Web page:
For the record, declare(x, complex) doesn't change the result.
(%i2) declare (x, complex); (%o2) done (%i3) abs((x+%i)^2); (%o3) (x+%i)^2
There is an error in the simplification of the abs function:
abs((%i+x)^2) ==> (x + %i)^2
Other examples work, e.g.
abs(%i^2) ==> 1
or
abs((%i+x)^2 + 1) ==> abs((%i+x)^2 + 1)
Maxima version: "5.28.0-2"
Maxima build date: "2012-08-27 23:16:48"
Host type: "i686-pc-mingw32"
Lisp implementation type: "GNU Common Lisp (GCL)"
Lisp implementation version: "GCL 2.6.8"
This worked in Version 5.19.02:
abs((%i+x)^2) ==> sqrt((x^2-1)^2 + 4 * x^2)
For the record, declare(x, complex) doesn't change the result.
(%i2) declare (x, complex); (%o2) done (%i3) abs((x+%i)^2); (%o3) (x+%i)^2
Maybe there are other problems related to this bug:
Bug #2549 function sqrt gives incorrect result
Discussion in wxMaxima: plot2d: expression evaluates to non-numeric value everywhere in plotting range
If you try this with the Maxima Online Caluculator, you get:
(%i1) abs((x+%i)^2); 2 (%o1) x + 1
The online calculator reports the following build info:
(%i1) build_info();
Maxima version: 5.21.1
Maxima build date: 7:25 9/18/2010
Host type: x86_64-unknown-linux-gnu
Lisp implementation type: GNU Common Lisp (GCL)
Lisp implementation version: GCL 2.6.7
Observed in current development version.
Maxima version: "branch_5_30_base_90_g122d48e_dirty"
Maxima build date: "2013-05-22 15:13:12"
Host type: "i686-pc-linux-gnu"
Lisp implementation type: "ECL"
Lisp implementation version: "12.12.1"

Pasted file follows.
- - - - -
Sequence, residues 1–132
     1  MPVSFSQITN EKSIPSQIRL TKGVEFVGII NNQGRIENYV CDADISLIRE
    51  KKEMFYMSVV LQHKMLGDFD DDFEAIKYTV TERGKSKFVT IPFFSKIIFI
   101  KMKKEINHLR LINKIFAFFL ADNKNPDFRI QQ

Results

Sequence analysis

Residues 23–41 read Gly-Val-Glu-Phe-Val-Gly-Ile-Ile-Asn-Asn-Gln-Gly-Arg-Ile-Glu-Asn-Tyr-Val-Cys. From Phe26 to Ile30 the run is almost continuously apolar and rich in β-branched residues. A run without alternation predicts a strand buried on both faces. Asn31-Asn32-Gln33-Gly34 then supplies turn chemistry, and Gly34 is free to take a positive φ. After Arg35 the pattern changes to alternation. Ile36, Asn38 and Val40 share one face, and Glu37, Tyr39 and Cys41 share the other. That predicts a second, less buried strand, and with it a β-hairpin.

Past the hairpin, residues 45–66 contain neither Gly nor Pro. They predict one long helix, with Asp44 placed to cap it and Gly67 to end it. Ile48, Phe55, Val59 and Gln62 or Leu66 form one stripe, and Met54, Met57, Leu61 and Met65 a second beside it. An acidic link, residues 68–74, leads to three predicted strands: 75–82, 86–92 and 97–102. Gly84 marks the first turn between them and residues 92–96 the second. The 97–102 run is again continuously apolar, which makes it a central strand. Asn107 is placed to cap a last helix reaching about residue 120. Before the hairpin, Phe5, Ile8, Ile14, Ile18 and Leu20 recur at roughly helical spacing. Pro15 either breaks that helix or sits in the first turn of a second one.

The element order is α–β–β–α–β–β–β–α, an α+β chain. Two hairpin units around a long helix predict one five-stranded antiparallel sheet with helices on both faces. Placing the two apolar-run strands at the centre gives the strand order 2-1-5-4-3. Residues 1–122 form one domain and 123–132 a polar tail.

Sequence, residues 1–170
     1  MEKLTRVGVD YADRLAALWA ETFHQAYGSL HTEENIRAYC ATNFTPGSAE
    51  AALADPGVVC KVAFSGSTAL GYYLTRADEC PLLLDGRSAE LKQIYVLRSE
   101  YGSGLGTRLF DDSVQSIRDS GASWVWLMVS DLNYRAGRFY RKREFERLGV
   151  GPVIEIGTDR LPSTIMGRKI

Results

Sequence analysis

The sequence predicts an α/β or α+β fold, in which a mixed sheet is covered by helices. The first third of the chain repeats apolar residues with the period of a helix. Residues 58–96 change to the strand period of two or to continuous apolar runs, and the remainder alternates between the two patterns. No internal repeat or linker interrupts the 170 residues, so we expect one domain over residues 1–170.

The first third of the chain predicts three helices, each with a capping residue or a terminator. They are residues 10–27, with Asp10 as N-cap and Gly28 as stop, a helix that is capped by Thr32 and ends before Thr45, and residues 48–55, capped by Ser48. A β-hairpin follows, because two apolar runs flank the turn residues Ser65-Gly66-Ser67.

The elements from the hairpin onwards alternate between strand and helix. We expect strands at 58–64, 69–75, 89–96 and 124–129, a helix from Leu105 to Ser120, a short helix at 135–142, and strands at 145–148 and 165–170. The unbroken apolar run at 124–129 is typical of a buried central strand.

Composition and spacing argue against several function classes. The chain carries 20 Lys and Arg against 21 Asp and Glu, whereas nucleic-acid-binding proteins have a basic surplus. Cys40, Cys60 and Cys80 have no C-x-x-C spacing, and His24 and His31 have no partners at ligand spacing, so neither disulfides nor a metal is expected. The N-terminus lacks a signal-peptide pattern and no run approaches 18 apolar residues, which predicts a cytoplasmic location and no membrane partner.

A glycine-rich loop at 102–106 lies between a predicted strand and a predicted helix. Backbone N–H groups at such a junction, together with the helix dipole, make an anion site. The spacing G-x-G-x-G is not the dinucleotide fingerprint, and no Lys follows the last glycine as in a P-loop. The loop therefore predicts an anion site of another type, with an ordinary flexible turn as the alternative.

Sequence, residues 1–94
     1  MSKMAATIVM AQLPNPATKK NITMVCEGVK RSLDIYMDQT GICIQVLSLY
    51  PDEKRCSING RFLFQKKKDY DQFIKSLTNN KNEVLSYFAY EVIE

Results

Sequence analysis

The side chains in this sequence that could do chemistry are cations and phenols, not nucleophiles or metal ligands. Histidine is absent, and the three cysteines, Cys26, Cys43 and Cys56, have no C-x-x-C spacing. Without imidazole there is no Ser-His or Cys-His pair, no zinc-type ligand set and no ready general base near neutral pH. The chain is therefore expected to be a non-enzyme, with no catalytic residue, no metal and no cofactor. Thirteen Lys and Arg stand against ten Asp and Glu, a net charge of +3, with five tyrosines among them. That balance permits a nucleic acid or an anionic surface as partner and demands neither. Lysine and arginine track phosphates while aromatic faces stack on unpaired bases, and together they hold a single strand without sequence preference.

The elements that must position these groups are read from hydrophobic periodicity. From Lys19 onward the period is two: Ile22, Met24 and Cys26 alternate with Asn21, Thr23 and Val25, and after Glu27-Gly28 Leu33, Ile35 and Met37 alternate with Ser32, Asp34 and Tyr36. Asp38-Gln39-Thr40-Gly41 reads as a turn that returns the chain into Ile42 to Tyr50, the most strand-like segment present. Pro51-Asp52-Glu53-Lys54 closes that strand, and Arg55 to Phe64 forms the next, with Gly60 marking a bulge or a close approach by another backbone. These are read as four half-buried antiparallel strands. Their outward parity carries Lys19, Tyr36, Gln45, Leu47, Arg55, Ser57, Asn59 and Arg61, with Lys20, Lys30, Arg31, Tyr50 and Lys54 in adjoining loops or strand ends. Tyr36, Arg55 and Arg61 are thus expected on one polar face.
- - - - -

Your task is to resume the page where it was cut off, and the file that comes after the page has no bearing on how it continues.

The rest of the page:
The same problem is observed also in a bit more generic case as shown in the attachment.
Basically, it seems that when evaluating abs(c)^2, or even when multiplying the latter by itself abs(c)abs(c), the core does not realize that c=a+ib is actually a complex quantity rather than a real one, so it cannot be simply squared as well.
The same even happens when either a or b are assigned a numerical real value; only when both of them are assigned real numerical values, the bug disappears.
The software version is:
wxMaxima version: 13.4.0
Maxima version: 5.31.2
Maxima build date: 2013-10-07 23:05:06
Host type: i686-pc-mingw32
Lisp implementation type: GNU Common Lisp (GCL)
Lisp implementation version: GCL 2.6.8
Why don't you use cabs instead of abs? abs is for real numbers
and cabs for complex numbers.
(%i2) cabs((%i+x)^2); 2 (%o2) x + 1
The documentation of the abs function says: "If the argument, z, is a real or complex number, abs returns the absolute value of z. If possible, symbolic expressions using the absolute value function are also simplified." In the documentation of cabs I found: "cabs is a verb function and is not suitable for symbolic calculations."
It is not clear to me why there is a need for a cabs function if abs is working properly. If abs is restricted to real values then it should issue an error message when the argument is of wrong type instead of returning a wrong result.
Yes I know, the situation with cabs vs. abs is very confusing; see for example this message in the list: http://www.math.utexas.edu/pipermail/maxima/2011/025213.html
That's a truly excellent write-up. Jaime: Do you think it would be work trying to distil it into improved documentation for abs and cabs?
Er, it would indeed be work. I meant worth, of course...
Yes Rupert, I think that Stavros' write-up is much better than the current manual description. However, as Stavros himself says, his summary refers to an ideal-world Maxima. In practice, abs does not work exactly as described in his summary (recent bugs or new features?). For instance abs((x+%i*y)^2)returns (%i*y+x)^2 and not abs(%i*y+x)^2.
Also, users might end up thinking that cabs should not be used when you want to simplify an expression, but in some cases the situation is the opposite: abs will not make the simplification you expected while cabs will; see for instance today's message in the mailing list and the answer given by Leo Butler.
If abs(x) - where x is a real or a complex number - returns or is simplified to something that is not a real number I think this is a recent bug. I cannot imagine what kind of a new useful feature this behaviour could be.
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